Potential new user looking for advice


#1

Hi

Forgive me if this has been answered, but I’m wading through the forum and various links at the same time (almost)

My situtation.

Two UK locations (site A and B, B being the main site). Each site has POTS and ADSL. At the moment, if a call comes to site A, and the person required is at Site B, the caller has to hang up and call other site. I would like to be able to foward the call, ideally using VoIP.

I would like to be able to front end the system with an IVR, e.g. press 1 for site A, 2 for Site B, 3 for… etc.

  1. does Asterisk fit the bill? I suspect it does :wink:

  2. Can it forward a POTS/PSTN call to a VOIP call (suspect it can)

  3. Assume the call scenario above, and a caller is now talking to someone at Site B. Will a second caller, calling site A, recieve an engaged number tone? ie is Site A pstn line engaged until the first caller disconnects?

  4. What equipment, other than asterisk, and a linux PC and network card, do I need to attach the box to the phone line

  5. Assuming I need >1 line to address Q3, what should I order (second POTS line? ISDN? remembering I need to retain dsl) from telco.
    5b. What additional hardware would I need for the asterisk box?

Many thanks, and apologies if these are answered elsewhere. I’m a data person not a voice bod, but learning.


#2

1 yes
2 yes
3 yes
4 for pstn look at the analog interface cards digium.com/index.php?menu=pr … y=hardware

5 I would say it depends on how nay calls you want to be able to handel, price.


#3

I think, yes :smile:

Yes.

Of course. But someone else can still call the site B pstn line, this call can be answered from site B of course but also from site A !

You need an FXO card to connect to your PSTN line and an FXS card to connect your classic PSTN phone. The easiest i think is to use a Digium TDM400P with one FXO and one FXS module… you can find cheapest solutions but the TDM400P is for me the best compromise, compatibility, expandability, quality,…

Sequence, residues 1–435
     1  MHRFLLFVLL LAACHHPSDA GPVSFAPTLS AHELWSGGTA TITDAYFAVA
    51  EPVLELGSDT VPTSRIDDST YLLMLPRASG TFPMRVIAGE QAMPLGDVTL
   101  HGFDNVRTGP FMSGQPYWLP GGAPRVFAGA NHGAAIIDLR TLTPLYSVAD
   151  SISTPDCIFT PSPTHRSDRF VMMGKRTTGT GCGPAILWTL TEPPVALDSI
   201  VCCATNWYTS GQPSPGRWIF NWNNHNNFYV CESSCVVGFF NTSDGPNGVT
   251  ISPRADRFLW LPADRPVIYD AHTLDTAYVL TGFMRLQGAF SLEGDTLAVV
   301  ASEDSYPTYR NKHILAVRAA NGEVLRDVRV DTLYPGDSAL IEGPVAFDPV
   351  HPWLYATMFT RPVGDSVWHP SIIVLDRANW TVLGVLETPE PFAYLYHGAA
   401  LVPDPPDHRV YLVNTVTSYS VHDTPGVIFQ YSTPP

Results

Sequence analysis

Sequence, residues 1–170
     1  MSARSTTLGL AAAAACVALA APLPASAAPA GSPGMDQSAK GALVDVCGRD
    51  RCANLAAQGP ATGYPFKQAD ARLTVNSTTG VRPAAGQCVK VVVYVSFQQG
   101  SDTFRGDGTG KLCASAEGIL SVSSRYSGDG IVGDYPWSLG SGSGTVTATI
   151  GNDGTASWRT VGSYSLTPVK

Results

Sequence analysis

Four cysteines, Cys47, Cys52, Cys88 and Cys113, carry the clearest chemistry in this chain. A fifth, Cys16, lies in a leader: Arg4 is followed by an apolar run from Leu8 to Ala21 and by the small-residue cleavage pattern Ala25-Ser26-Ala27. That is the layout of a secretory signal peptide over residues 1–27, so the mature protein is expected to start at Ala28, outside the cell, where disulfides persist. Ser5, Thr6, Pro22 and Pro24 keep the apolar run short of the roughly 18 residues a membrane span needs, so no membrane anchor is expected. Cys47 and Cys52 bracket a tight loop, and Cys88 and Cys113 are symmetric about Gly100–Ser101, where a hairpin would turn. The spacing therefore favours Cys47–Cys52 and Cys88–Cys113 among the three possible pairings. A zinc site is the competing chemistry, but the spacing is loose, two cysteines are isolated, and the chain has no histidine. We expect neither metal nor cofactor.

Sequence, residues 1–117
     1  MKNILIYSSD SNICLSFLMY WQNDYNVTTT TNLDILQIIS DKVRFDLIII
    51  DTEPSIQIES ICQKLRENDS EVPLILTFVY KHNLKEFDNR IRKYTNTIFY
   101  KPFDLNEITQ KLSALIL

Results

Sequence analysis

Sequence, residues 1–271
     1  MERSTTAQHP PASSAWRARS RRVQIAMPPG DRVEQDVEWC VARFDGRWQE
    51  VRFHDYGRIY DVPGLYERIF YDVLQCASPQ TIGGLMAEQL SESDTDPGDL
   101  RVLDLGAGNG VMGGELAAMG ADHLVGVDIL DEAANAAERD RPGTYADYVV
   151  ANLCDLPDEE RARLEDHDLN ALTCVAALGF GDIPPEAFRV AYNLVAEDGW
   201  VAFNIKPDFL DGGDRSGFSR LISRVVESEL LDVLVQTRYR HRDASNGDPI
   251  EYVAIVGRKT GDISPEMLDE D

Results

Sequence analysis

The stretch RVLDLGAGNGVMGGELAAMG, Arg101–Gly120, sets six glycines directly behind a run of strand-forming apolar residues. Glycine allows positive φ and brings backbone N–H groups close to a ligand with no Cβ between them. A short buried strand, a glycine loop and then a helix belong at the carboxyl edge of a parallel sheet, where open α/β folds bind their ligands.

Now, you can also have a look at full voip solutions : forget your PSTN line and take some VOIP provider wich will give you one phone number directed to your server via internet that many people can call at the same time…

With this possibility, you just need one asterisk server, one voip provider, and two VOIP phones (one for site A, one for site B).


#4

Well, as I was typing my response TWO people beat me to it. All I can add is this:

  1. An ISDN line will require a different type of card than the Digium TDM mentioned. Something like: junghanns.net/en/produkte.html. I think you should get 1 or 2 more POTS lines and just add FXO modules.

Check out this site for the best starting place as far as documentation.


#5

Excellent.

Many thanks people. Going to start playing tomorrow!


#6

in the UK, and if you have bandwidth to cope, take a look at voip.co.uk

very useful provider, DIDs easy to provision and setup with PSTN failover should your 'net connection go down.


#7

@antarex

Any recommendations? I had a quick look at a couple of providers, one thing that is not clear is whether their services have a limit on the number of inbound connections/calls per number. They implied one call per voip number allocated…


#8

I don’t know in UK… most of belgian and french provider allow at least two concurent incoming call…

Just for info : i use sipdiscount.com wich is a uk voip provider, but only for outgoing call, and i can handle at least 3 simultaneous calls, dont know for their incoming call services.


#9

Hmm

Have found some cheap (for testing purposes) genuine X100P FXO cards. These connect the server to the PSTN line.

What connects the handset to the server? Some of the “clone” X100/X101 cards seem to have two interfaces - is the 2nd the FXS interface? If so, does the Digium X100P card have this functionality?

If not, what cheap FXS card should I look for? This is for testing, so I’m not fussed it it is cheap n cheerful; I know ideally a TDM400 series with FXO and FXS would be better, but I have a plan for the testkit afterwards.